Netanyahu in Dilemma Over Lebanon


With elections ahead of them and a graveyard of failed Lebanon policies behind them, senior Israeli officials must tread carefully as they strike back at Hezbollah guerrillas waging a war of attrition against the Jewish state.

Military and political constraints are so far dictating a cautious response to an upsurge in Hezbollah ambushes that killed seven Israelis in less than a week, including the Israeli army’s highest-ranking commander in southern Lebanon.

Prime Minister Benjamin Netanyahu and his senior Cabinet ministers and military aides announced Sunday night an “air, land and sea” campaign to deliver harsh retaliation to the Syrian-backed Islamic forces. However, the retaliation, while fierce and swift, also has been limited in scope.


The dilemma facing Netanyahu has left the government without clear options.

Israel’s occupation of a 9-mile-deep strip of southern Lebanon is supposed to protect civilians in adjacent northern Israel from Hezbollah attacks.

For more than 20 years, no government has been able to extricate itself from southern Lebanon; many have tried, and the results have at times been disastrous. And with a close election for prime minister and parliament scheduled for May 17, the time does not seem ripe for courageous--and politically risky--initiatives.

Netanyahu often acts in a way that is not wholly predictable. But a range of analysts and officials said Monday that it was unlikely he would launch an all-out military offensive as he fights for reelection, in part because of chances that such an action could backfire.

Former Prime Minister Shimon Peres of the Labor Party launched “Operation Grapes of Wrath” in southern Lebanon just weeks before the 1996 election. Fighting ended in the calamitous shelling of a U.N. base, killing scores of civilian Lebanese refugees. And Peres narrowly lost the election after Israeli Arabs and some of Labor’s traditional leftist supporters abandoned him in disgust.

Lebanon was a sticky trap that sucked Peres in. Netanyahu undoubtedly keeps that experience in mind. Although his political constituency is far more hawkish than Peres’ and would not reject a show of military might per se, a high body count would be equally unsettling for Netanyahu voters.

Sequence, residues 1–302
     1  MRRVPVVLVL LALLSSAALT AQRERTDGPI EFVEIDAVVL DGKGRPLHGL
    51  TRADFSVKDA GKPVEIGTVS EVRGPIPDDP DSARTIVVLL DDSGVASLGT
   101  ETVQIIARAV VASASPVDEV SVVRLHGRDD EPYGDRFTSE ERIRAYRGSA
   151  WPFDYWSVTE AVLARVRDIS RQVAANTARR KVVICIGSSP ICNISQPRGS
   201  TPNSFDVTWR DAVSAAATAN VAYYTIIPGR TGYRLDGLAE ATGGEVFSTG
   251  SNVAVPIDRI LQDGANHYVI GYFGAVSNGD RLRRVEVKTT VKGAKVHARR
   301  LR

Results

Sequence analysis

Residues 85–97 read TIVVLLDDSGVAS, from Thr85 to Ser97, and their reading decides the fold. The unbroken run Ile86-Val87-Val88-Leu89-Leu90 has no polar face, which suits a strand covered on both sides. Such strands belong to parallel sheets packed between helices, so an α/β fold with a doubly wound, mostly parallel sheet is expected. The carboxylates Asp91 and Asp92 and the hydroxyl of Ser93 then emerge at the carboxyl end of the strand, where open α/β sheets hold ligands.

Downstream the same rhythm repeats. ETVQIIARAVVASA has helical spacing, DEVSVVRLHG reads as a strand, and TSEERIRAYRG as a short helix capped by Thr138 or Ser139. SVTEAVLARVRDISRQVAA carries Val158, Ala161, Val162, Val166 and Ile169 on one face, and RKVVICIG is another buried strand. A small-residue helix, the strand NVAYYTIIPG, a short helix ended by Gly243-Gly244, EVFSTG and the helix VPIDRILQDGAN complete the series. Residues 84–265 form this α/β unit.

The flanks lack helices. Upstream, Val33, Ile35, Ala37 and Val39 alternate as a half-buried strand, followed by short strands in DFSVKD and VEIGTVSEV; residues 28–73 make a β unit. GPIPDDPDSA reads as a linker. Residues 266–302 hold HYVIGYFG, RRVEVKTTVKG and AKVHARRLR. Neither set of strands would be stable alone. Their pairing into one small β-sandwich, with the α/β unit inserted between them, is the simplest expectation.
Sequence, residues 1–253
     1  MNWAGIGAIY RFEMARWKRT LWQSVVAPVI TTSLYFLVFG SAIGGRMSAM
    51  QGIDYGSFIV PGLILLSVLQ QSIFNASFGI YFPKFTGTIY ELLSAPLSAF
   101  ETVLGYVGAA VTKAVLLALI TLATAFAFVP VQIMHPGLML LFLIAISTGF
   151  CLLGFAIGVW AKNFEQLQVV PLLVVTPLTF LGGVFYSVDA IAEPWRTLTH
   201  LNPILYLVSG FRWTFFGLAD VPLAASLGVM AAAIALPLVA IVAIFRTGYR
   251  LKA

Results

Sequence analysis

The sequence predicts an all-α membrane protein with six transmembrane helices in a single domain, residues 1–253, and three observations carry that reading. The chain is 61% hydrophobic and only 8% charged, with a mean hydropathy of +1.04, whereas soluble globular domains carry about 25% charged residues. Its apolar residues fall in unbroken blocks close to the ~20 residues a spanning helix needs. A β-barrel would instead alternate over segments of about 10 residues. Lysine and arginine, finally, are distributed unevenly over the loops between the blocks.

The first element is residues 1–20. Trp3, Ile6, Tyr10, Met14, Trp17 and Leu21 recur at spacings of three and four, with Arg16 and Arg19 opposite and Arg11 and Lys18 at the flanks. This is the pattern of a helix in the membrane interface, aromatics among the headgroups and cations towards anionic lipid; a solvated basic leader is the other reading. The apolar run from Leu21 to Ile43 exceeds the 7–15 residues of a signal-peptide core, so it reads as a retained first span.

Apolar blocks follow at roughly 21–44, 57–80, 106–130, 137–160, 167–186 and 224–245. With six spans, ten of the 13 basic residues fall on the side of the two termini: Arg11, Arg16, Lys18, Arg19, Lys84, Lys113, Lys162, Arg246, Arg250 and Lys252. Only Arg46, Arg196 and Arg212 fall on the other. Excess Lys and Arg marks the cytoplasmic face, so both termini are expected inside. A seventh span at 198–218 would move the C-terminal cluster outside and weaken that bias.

“I don’t see the military undertaking a major ground invasion, simply because it hasn’t worked the four or five times [it’s been tried] over the last 20 years,” said Gerald Steinberg, a military specialist from Bar Ilan University in Tel Aviv. Status quo in southern Lebanon “is the least bad of all the options, which is why we are back there again and why we are likely to stay there.”

Instead of a large-scale offensive, Netanyahu and others indicated that the response will be measured, with Israeli attacks escalating in tandem with Hezbollah attacks. The Israelis also are expected to widen their choice of targets. If the guerrillas unleash rocket attacks on civilian settlements in northern Israel, all bets are off.

“Israel will continue the battle against Hezbollah because they continue the battle against us,” Netanyahu said as he paid a condolence call on the family of a soldier who was killed Sunday.

Israel has been losing 20 to 30 soldiers a year in southern Lebanon, a toll that is seen as a painful but “acceptable” price for the safety of Israeli citizens in northern Israel.

Were the death toll to soar, however, government officials said they would be forced to rethink the options. Hit harder? Withdraw and take chances? As it is, a senior official said, the current toll is high enough to erode Israeli public morale while low enough to keep Israeli military response limited.

Israel’s 21-year entanglement in southern Lebanon is often compared to America’s Vietnam trauma, where a military superpower could not defeat a smaller insurgent force.

And like the American experience, there is growing clamor among Israelis to withdraw.

Even hawkish Foreign Minister Ariel Sharon, who directed the 1982 invasion of Lebanon, now advocates a gradual pullout, accompanied by a threat to bomb Lebanon if Hezbollah attacks northern Israeli communities.

There is debate within the Israeli government and defense establishment over the nature of the threat posed to northern Israelis in the event of a pullout. Hard-liners are convinced Hezbollah would not stop at the border and would escalate attacks on civilians.

Others believe that if Israel pulls back, a peace treaty with Syria, the real power in Lebanon, will be possible. Syria seeks the return of the Golan Heights, which Israel captured in the 1967 war. One scenario is for Israel to leave southern Lebanon, and then hold Syria accountable for any attacks, with retaliation aimed at Syrian targets.